Since my time at Durham, I had more of a pro style, sat down on my feet. I fought at a slower pace which is no good for the amateurs.


Tell us about your back up team: I’m managed and coached by Errol Johnson and PJ Rowson promotes some of my fights. Bob Plant and Wayne Downing also help out with my training.


I’ve been with ‘em since I was a little kid so I’ve got great trust in ‘em. We have a laugh but they’re good professionals who know what they’re doing and they really push me when it’s time to get down to business.


What’s your training schedule? Which parts do you most and least enjoy? I train every day, then take Sunday off. Work is flexible so I organise my schedule around it. I’ll usually have a six to seven mile run around 10.30 a.m and I’ll gradually build up to 12-13 miles. I quite enjoy running and know it’s the best thing for getting you really fit.


I’ll spend between one and a half and two hours at the boxing gym. I’ll start with five or six rounds of sharp shadow boxing, then do plenty of bags and pads, sparring and circuits. I’m not a great skipper any more. All that bouncing around ain’t good on my old ankles! I don’t get into the weights side if I’m training for a fight. I prefer to work against my own body weight; loads of sit ups, press ups, pull ups, ground work. I’ll finish off with more light ‘shadow’ and a good stretch.


Strangely enough, I most enjoy being really pushed in a good circuit. It’s more the feeling you get after, having really put your body to the limit. The worst thing is this exercise where you do a sit up, stand up, then jump on to the ring apron. After a few, it’s a real killer.


Describe your style? What are your best qualities? I’m the Duracell bunny! I’m a brawler-fighter that keeps coming forward till the opponent packs in or gets stopped. I just keep going. I love the tear ups but can box me way out of trouble if and when I need to.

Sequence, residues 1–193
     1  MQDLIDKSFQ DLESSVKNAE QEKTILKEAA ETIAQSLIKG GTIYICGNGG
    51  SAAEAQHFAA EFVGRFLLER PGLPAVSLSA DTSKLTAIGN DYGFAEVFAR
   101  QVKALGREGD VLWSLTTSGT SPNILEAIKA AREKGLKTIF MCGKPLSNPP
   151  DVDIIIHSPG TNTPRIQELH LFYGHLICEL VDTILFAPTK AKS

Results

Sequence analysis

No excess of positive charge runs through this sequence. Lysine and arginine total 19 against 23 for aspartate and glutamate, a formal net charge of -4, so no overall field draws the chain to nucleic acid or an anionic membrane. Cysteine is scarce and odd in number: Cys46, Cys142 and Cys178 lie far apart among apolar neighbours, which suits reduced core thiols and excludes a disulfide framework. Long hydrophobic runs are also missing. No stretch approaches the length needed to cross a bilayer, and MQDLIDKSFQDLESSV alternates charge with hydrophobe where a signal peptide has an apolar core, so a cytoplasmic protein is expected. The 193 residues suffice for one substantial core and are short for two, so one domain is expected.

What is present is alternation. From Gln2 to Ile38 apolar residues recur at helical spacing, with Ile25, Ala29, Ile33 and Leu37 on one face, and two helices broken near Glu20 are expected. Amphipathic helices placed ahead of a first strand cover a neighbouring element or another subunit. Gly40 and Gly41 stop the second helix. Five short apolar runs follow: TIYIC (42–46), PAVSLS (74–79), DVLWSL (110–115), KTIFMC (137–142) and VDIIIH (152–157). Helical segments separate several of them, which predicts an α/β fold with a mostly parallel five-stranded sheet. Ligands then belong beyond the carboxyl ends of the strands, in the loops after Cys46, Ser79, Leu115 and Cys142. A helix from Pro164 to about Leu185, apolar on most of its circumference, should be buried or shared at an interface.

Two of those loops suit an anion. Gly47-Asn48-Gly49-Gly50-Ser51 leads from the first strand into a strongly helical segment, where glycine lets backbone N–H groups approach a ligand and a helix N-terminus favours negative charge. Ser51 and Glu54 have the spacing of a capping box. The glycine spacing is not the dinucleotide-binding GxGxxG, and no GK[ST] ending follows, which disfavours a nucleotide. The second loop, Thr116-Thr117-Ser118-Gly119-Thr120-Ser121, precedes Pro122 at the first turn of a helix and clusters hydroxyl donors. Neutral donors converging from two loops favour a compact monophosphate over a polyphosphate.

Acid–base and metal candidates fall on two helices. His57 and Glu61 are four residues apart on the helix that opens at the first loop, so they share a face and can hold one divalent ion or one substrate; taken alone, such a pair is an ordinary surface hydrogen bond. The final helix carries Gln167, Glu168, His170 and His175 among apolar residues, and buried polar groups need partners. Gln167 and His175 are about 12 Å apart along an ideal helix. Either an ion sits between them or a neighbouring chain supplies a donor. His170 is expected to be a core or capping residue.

What specifically do you need to work on to fully optimise your potential as a fighter?There’s loads I could do to improve but specifically I do tend to drop my guard. Also I’m a very slow starter. It usually takes a good clout around the head before I wake up. Mind, once me engine’s warmed up I could go 15 rounds, easy.


What have you found to be the biggest difference between the pro and amateur codes? The training and the dieting for the pros are far, far harder. To get through 10 or 12 rounds, everything has to be ‘spot on’.


Who is the best opponent that you’ve shared a ring with? Two spring to mind. In sparring, I learned a lot from Muttley’s technique and how he throws shots from angles. Also Frankie Gavin, who I boxed in the amateurs. I’ve since sparred him, ten rounds straight off, in the pros. He really knows what he’s doing, knows exactly where he is in the ring, always twisting and turning. Very skilled.